Eating Cheaply in Montréal
Due to the multi-ethnic makeup of Montreal there exists a wide variety of restaurants in all different sizes and prices ranges. I recently came across an excellent softbound book entitled “Cheap Thrills” which describes great Montreal meals under $10.
The book is published by Véhicule Press and was written by Simon Dardick and Nancy Marrelli. The authors in their introduction clearly indicate that the restaurants they recommend and review not only serve meals under $10, however, there should be a reasonable selection in that price range.
The third edition of the book describes 80 different restaurants indicating their names, addresses, phone numbers, hours and days of operation, the nearest metro or bus, if they accept credit cards and if you can bring your own wine. Several Montreal restaurants permit their patrons to bring in their own wine, that the waiters will open for you and serve you in wine glasses provided by the restaurant at no extra cost.
The authors also indicate if the restaurant has wheelchair access.
What is very practical about the publication is that the authors provide indexes at the end which break down these eating establishments into speciality restaurants which depict a distinct ethnic flavour such as Chinese, Italian, French, Greek, Indian or a genre of food such as seafood, fast foods or vegetarian.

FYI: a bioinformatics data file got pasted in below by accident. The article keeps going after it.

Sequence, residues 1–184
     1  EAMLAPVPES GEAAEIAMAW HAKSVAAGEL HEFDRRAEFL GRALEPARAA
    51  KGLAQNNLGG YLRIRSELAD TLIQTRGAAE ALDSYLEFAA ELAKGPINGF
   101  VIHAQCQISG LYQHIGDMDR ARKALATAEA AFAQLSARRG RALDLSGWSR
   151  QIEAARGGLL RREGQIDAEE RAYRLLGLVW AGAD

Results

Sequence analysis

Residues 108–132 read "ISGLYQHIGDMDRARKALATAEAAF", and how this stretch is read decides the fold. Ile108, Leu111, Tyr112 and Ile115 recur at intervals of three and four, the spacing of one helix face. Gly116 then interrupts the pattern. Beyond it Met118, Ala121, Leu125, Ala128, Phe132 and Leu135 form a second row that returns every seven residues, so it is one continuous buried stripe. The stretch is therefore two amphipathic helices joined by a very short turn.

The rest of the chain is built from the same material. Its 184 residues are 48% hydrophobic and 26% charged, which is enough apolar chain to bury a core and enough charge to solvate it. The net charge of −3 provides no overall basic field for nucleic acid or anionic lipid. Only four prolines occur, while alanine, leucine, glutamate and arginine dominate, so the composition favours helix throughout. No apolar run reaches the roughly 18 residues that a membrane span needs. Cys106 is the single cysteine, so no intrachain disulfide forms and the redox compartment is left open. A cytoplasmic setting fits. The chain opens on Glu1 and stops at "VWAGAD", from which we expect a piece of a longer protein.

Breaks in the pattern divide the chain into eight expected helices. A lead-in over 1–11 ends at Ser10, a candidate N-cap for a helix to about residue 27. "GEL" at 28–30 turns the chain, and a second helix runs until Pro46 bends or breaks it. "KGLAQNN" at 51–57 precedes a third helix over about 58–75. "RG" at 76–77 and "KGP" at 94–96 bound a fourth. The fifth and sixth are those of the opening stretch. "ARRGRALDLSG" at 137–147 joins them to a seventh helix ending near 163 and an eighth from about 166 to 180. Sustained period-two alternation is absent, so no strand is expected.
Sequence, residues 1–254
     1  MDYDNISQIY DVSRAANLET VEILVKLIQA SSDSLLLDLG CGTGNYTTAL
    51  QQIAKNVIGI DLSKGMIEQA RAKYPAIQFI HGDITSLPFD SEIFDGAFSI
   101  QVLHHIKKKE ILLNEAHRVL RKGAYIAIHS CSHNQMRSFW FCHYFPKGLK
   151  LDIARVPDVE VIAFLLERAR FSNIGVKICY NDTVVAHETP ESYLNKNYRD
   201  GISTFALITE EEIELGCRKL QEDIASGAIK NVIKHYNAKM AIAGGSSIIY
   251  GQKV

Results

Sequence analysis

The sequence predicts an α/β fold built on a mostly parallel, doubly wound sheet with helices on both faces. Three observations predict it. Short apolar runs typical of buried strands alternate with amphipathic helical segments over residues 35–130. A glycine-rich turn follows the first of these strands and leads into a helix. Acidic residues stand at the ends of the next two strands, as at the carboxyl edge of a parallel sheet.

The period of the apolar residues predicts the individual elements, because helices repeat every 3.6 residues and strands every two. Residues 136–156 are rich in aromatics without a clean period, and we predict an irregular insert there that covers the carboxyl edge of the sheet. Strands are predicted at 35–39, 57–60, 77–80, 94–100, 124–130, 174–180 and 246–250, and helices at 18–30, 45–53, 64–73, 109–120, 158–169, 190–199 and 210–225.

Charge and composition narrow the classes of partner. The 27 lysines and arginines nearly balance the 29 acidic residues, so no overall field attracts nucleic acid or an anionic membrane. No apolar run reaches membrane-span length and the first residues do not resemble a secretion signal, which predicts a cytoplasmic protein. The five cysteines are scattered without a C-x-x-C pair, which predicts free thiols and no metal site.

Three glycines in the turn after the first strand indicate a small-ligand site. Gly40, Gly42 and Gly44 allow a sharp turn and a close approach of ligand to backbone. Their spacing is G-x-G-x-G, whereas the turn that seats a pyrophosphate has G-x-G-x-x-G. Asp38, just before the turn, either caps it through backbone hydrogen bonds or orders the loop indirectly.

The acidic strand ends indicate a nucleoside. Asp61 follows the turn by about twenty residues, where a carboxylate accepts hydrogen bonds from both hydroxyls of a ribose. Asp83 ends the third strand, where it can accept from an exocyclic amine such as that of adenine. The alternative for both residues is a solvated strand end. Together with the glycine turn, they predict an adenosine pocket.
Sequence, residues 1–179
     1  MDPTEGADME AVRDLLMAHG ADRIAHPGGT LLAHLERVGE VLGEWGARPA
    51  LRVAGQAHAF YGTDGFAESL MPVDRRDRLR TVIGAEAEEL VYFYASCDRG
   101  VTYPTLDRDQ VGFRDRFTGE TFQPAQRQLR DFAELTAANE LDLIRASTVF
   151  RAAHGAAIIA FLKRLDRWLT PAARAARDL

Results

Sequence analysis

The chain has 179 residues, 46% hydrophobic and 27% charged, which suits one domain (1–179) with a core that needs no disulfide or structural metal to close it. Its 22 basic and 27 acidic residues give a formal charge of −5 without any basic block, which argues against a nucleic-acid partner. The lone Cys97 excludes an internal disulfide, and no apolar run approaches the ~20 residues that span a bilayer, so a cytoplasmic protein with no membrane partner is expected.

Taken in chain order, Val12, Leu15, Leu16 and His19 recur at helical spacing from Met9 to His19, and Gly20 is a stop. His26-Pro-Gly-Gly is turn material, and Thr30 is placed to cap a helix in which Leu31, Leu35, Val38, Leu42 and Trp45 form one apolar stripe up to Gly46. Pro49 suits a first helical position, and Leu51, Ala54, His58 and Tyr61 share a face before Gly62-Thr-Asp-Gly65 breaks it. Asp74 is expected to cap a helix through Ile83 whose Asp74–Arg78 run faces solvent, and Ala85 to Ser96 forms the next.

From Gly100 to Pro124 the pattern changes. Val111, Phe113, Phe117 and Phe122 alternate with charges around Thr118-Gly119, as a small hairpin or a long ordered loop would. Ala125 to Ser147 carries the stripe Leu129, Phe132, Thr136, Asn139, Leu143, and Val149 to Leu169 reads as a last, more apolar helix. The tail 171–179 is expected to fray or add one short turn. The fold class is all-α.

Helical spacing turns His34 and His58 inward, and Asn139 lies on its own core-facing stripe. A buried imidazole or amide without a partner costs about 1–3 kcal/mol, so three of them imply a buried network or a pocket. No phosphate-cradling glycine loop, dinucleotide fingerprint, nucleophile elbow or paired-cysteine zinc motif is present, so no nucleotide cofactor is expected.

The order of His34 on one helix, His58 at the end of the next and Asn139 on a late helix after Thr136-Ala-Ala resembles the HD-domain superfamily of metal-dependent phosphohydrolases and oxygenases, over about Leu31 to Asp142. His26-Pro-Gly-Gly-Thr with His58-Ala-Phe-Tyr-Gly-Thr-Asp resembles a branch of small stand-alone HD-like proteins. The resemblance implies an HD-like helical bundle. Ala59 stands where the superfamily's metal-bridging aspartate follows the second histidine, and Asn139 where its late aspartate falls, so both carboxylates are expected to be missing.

There is also a neighbourhood index indicating if the restaurant is in well-known areas such as Chinatown, Little Italy, Cote-des-Neiges/Université de Montréal area, NDG, St. Henri.
A good example of the authors’ description of a well-known Montreal landmark is that of Schwartz’s Hebrew Delicatessen. New York may have its pastrami, Toronto may have corned beef, Italy may boast about its pasta, however, there is no place in the world other than Montreal which can offer you the most delicious smoke meat sandwich.
According to the authors, Schwartz’s on the Main is Montreal smoked meat at it’s very best perhaps even Montreal at is best.
The prices may have risen since the time the book was published, however you get a good idea of what it will set you back if you order a smoked meat sandwich, fries and a dill pickle. Remember, all prices are quoted in Canadian dollars and if you are an American you really have a bargain.
If you do visit Montreal you must savour a smoked meat sandwich piled high on deli rye with mustard, pickle, and coleslaw.
The authors’ description also gives you a good idea of the ambience of the restaurant and as indicated the restaurant has an old-time deli atmosphere all its own, narrow and cramped with barely enough room to move. There is also mention of the uniqueness of the food and an assertion most Montrealers agree that Schwartz’s smoked meat is the standard against which all others are measured. As I am very familiar with Schwartz’s I must admit that their succinct description is right on the mark.
Other restaurant descriptions point out the quantity of the food served, if it is children friendly, history of the restaurant, menu and price choices. There are also some short descriptions of the history of some of the restaurants.
For any of you BootsnAll members as well as Montrealers this neat softbound pocket book should prove to be a gem, particularly if you are not too familiar with the vastness of the Montreal restaurant scene.